Folk Music Film Club: Almost Famous


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Almost_famous_poster1I want to write, and I want to write about music. There are, in my mind, only two types of people in this world: those who are musically talented, and those who aren’t. It’s those who aren’t that tend to go into music writing. That’s certainly why I’m here. You can throw any instrument you like at me, and I will prove myself adept at not playing all of them. Throw me a pencil, I might come up with something. Throw me a saxophone and you’ll get a talentless squelchy wail.

And so, I write about music. It’s the only option, really. Everyone needs to express themselves, about life, and love, and the things that excite them; if I can’t do this in song, like Disney always told me I should, then writing will have to do. And nothing excites me more than music.

It’s a similar motivation that leads William Miller, the protagonist in Almost Famous, to write. He starts writing for underground music magazines – small affairs that nobody really reads – but keeps pushing forward. Eventually he has a chance to meet his hero, a successful journalist from his home-town (Philip Seymour Hoffman), who acts as a mentor to the young writer. After some trial-and-error experiences, the fifteen year-old Miller is given a chance by Rolling Stone, who are unaware of his age, to interview rock band Stillwater. When William gets pulled into their nationwide tour, he finds himself experiencing a different sort of life from his repressed home existence, and risks losing his journalistic balance as he starts to befriend the band.

Almost Famous is not so much a film about music as it is a film about music-writing, and the motivations critics and journalists have behind their words. Cameron Crowe both wrote and directed the film, basing it loosely on his own experiences as a young music writer in the Seventies, and as such he touches on every aspect of our wishes, dreams and insecurities. We write about music out of a love and passion for it that, more often than not, we feel is simply too important not to be written down. It is arrogant, yes, but we are the musicians without the music, and we share many of the same influences and aspirations, only without the means to express ourselves through sound.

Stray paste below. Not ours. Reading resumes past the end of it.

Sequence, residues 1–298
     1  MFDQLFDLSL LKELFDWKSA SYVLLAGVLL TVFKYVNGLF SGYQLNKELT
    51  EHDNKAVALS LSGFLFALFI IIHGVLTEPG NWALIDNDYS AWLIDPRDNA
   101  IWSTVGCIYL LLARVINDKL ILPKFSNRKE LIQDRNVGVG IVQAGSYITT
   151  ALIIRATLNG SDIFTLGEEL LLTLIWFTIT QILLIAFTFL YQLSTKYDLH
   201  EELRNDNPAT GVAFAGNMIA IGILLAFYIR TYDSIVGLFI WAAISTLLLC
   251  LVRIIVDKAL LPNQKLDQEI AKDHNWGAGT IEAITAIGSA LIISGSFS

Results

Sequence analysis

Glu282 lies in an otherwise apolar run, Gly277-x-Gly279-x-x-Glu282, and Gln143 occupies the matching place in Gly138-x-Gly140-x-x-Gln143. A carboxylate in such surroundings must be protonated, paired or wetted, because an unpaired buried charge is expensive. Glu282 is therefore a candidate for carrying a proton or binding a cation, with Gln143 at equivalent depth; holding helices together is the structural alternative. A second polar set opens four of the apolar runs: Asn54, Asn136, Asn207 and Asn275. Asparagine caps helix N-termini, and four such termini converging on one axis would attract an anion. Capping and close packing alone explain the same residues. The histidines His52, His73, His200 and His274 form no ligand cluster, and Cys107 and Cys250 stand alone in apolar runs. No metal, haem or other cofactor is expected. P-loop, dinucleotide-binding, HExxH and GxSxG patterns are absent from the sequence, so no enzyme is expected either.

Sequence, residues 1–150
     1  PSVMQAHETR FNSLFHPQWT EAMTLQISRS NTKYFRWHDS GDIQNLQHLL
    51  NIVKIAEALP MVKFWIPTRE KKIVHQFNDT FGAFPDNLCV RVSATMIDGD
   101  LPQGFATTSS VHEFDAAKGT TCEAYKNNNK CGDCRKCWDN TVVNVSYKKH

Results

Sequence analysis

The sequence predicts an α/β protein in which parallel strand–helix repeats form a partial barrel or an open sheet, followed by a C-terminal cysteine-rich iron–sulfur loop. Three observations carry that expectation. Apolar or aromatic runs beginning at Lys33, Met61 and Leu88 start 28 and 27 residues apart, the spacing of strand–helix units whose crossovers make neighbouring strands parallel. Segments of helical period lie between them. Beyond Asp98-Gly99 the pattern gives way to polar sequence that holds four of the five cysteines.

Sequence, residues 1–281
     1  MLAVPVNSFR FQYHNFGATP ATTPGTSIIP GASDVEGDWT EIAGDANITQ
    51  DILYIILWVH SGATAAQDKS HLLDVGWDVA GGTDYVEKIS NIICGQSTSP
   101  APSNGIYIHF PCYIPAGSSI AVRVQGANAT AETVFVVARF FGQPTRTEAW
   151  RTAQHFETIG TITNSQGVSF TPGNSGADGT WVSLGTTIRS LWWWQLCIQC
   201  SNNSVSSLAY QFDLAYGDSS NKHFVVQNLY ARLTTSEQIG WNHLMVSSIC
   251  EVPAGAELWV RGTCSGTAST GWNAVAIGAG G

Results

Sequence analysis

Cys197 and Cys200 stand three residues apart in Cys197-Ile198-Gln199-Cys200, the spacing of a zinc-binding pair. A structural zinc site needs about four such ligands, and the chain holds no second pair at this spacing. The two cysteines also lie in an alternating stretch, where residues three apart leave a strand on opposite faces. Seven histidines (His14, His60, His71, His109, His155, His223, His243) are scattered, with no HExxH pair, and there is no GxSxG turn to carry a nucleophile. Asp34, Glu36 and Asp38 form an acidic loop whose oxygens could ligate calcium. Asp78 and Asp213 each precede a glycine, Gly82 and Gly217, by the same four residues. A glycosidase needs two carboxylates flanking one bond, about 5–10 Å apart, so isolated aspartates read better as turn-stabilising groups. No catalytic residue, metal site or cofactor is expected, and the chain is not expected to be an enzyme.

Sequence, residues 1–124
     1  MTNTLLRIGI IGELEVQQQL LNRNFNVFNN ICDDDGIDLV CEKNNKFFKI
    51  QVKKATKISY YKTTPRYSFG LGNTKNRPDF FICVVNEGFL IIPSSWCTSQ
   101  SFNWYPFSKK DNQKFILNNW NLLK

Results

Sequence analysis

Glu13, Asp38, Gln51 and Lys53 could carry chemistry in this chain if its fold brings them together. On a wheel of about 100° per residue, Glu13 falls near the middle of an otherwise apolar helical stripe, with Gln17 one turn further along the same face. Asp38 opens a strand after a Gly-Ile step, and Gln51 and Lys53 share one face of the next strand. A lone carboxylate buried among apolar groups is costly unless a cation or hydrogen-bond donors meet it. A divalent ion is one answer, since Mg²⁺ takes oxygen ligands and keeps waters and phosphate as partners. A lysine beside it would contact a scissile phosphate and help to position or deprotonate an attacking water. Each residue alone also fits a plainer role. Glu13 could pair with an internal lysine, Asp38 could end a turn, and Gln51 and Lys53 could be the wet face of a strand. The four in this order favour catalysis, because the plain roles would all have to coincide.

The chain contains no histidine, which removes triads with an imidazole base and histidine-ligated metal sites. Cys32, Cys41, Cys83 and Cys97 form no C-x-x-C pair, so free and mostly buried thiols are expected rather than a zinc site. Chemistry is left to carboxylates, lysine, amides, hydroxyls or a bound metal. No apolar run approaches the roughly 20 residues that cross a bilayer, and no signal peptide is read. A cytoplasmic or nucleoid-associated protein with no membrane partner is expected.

But Crowe also understands that a music writer, more often than not, just wants to be with the musician. Not, perhaps, in some sort of obsessive admiration (though there is, of course, always some awe at said musician’s ability to pick up inanimate objects and produce sounds more soulful than a human alone can create), nor simply in order to pick up some level of credibility-by-association (though, again, there must be a certain amount of that, or we wouldn’t always eagerly tell everyone else the famous people we have met). No, we journalists, more often than not, want to be around musicians simply so that we can be accepted by them, and be their friends, and in doing so, be equals with them. It’s sad, and it’s selfish, but it’s terribly, terribly true, and so many writers spend their lives shadowing the bands they love simply to feel they are, in the most brutal of terms, as good as the people they admire.

The worst thing, of course, is that, as our parents always tried to teach us, nobody is inherently better than anyone else. In fact, it is only when we devote ourselves to the idea of being accepted that we create the myth that we are not. And, of course, we lie to ourselves and believe that it is better to be a musician, and that if we were musicians, none of this would matter. All bollocks, of course. One musician will envy the song-writing ability of another, who in turn might envy the voice of another, who in turn may envy another’s skills with, say, a keytar, who in turn… well, you get the idea.

Maybe this isn’t it. In fact, it almost certainly isn’t – Almost Famous is, on the face of it, a film about meeting your heroes, or about loyalty, or about ‘bros before hos’, or, maybe, at a push, simply a film about a young rock journalist taken for the ride of his life by a fictional seventies rock group. But watching it as someone who writes about music, I was always going to see more than that – I was always going to see the selfish and disappointing motivations of music journalism, because I am guilty of them too. Of course we write about music because we love it – of course we do. But there’s more to it than that. At least, there is for me.

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